Global VC Investment Activity Predicted to Increase with Fewer Going to China
Fifty percent of the VC respondents will invest outside the U.S. next year with China and Western Europe being the most cited global region at 19 percent each, followed by Canada (14 percent), India (12 percent), Latin America (10 percent), Eastern Europe (7 percent), Middle East (6 percent), Africa (4 percent) and Japan (3 percent). In 2011, 47 percent of VCs planned to invest outside the U.S., though last year’s survey showed more anticipated investing in China and India at 26 and 18 percent respectively. The proportion of VCs planning to invest in Western Europe, Canada and Latin America remain essentially unchanged from 2011 predictions.
Venture Capitalists and CEOs Align on Term Sheet Expectations
The expectations of venture capitalists and CEOs regarding deal structure are converging with 53 percent of VCs and 56 percent of CEOs believing that financing terms will favor VCs over entrepreneurs in term sheet language. Last year, the two stakeholders were much further apart on this issue with 42 percent of VCs and 61 percent of CEOs believing that VCs would be favored in term sheet structures.
CEOs More Engaged in Social Media Than VCs
VC-backed companies are expected to get a great deal of social media support in 2012 as 58 percent of VC respondents expect to use social media channels to promote their portfolio companies and 56 percent intend to promote their firms in this way. Market intelligence (50 percent), publishing thought leadership pieces (39 percent) and hiring (38 percent) are other activities for which VC firms anticipate using social media next year. Twenty-three percent of VCs will not use social media at all in 2012.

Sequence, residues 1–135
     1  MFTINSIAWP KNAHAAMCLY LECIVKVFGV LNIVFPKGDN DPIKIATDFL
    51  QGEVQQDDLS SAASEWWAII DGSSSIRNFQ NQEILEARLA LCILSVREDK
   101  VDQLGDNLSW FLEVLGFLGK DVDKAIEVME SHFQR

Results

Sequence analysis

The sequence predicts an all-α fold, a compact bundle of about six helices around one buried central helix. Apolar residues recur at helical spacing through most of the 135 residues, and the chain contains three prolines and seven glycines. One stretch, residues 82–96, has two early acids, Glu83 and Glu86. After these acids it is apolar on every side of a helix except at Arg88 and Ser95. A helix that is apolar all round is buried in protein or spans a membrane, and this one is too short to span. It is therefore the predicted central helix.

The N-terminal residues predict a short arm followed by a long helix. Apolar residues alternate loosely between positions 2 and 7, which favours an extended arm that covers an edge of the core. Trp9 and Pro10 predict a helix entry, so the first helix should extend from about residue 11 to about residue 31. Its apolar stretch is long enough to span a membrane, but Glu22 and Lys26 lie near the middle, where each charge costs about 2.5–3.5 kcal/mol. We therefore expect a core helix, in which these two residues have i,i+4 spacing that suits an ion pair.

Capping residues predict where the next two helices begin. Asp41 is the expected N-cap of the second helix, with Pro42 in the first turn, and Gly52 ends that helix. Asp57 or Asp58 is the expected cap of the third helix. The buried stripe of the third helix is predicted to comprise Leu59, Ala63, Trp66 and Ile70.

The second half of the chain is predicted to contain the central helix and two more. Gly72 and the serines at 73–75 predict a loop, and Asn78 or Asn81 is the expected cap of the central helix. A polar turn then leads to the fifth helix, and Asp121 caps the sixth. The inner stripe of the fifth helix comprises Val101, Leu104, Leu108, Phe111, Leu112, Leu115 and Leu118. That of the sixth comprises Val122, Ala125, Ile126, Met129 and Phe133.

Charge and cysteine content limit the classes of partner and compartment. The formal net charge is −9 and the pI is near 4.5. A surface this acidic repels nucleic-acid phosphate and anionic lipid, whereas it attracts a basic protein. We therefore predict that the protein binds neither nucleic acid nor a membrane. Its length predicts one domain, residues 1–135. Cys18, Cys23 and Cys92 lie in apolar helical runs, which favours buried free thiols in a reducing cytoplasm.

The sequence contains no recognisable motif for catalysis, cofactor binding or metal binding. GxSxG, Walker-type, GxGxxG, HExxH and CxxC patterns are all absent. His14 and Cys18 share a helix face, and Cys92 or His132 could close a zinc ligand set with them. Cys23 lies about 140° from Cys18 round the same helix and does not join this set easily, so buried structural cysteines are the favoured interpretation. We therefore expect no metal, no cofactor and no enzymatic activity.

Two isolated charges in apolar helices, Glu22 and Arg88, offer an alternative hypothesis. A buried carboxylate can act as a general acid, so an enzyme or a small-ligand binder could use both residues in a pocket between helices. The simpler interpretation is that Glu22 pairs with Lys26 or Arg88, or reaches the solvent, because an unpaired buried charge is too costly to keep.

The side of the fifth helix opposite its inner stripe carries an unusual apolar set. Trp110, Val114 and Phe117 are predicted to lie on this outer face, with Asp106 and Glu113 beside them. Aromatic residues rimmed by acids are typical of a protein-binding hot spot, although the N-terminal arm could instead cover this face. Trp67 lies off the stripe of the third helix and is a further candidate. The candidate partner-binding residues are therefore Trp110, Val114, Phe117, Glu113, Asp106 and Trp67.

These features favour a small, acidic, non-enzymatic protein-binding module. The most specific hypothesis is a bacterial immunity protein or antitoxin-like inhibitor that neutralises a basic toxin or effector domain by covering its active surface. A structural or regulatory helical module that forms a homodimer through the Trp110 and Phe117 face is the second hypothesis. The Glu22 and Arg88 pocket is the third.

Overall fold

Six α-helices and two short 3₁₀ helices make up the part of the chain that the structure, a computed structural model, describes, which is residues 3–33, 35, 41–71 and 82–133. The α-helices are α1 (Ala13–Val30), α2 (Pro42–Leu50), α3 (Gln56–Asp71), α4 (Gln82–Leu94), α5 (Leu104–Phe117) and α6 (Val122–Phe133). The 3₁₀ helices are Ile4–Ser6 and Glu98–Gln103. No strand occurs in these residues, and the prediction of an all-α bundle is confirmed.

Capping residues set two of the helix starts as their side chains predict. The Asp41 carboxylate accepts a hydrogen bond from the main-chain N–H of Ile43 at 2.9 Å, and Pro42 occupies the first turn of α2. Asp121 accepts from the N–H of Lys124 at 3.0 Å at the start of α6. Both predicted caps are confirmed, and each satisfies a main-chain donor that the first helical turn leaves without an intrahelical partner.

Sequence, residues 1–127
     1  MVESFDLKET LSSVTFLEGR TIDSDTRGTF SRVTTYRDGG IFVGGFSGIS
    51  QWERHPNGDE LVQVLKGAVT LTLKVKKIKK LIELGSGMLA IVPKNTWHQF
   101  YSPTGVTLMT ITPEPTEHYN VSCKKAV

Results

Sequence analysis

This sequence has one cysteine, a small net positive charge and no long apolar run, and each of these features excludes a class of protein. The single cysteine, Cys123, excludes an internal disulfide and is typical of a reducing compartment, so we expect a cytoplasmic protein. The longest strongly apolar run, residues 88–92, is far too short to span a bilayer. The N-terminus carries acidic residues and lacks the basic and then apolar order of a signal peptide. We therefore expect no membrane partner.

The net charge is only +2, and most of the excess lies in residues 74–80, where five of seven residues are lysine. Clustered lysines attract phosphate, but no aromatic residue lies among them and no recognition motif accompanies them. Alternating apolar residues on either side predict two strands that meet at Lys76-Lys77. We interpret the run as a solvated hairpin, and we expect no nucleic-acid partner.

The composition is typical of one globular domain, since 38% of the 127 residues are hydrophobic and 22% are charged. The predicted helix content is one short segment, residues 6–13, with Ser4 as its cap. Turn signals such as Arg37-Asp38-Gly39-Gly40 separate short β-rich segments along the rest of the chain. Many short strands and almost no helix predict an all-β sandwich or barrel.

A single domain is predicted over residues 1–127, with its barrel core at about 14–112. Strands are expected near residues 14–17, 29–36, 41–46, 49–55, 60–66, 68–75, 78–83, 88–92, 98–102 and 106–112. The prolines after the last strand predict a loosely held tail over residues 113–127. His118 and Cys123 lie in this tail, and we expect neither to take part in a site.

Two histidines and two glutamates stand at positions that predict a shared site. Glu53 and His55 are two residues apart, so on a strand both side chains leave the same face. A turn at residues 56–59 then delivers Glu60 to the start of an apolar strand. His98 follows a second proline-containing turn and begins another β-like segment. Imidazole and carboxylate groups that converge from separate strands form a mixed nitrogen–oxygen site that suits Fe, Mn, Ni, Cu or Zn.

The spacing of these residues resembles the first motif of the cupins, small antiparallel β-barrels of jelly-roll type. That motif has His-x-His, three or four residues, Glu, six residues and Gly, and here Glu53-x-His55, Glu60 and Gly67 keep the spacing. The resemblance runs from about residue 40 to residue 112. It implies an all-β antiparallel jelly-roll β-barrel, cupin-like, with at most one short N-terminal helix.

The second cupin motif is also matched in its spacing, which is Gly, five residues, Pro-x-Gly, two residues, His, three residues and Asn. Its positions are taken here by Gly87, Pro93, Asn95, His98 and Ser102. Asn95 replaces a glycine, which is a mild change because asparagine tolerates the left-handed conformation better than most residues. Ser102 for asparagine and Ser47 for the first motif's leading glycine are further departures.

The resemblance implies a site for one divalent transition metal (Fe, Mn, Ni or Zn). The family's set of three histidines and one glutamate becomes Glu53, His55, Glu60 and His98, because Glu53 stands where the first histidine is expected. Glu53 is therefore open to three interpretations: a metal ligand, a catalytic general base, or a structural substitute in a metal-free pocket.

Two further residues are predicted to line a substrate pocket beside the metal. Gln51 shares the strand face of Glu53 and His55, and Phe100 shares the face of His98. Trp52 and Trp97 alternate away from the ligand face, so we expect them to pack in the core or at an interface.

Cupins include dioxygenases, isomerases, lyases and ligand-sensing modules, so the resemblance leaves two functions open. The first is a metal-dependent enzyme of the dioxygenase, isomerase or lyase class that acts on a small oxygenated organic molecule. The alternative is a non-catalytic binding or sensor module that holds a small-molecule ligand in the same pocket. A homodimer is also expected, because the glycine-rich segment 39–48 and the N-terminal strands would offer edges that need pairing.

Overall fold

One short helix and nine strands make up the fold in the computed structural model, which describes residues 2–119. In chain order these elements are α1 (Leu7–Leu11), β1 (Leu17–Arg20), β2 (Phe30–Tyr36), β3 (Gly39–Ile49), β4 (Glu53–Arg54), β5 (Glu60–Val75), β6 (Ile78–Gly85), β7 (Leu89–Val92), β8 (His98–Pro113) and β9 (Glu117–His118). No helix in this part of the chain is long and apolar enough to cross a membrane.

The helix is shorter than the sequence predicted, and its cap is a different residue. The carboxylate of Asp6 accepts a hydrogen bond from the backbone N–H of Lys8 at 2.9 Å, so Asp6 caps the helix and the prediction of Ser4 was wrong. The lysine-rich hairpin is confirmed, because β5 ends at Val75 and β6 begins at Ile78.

VC-backed CEOs predict being more active in social media than their VC counterparts with 73 percent planning to us the channels for public relations, 64 percent for sales and marketing, 54 percent for hiring, 47 percent for market intelligence, 38 percent for publishing thought leadership pieces, and 33 percent for customer service. Only 12 percent of the CEOs do not plan to use social media next year.
Portfolio Companies Expect Good Progress in 2012
Both VCs and CEOs are optimistic about valuations in 2012 with 63 percent and 80 percent respectively expecting increases next year. Last year, 50 percent of VCs and 77 percent of CEOs expected valuations increases. Sixty-nine percent of CEOs will increase global activity at their companies next year. Eightysix percent of all venture-backed CEOs expect to increase their head count in 2012.
Romney Vs Obama in 2012 with Obama Winning by Slim Margin
The venture capital ecosystem predicts that Mitt Romney will be the 2012 Republican Presidential nominee with 79 percent of VCs and 67 percent of CEOs saying so, followed distantly by Newt Gingrich at 17 percent of VCs and 27 percent of CEOs. A second term in office for President Obama is in the cards according to 64 percent of CEOs and 56 percent of VCs.
For a copy of venture capital and CEO individual predictions, please visit:
The corresponding Venture View slide deck please visit: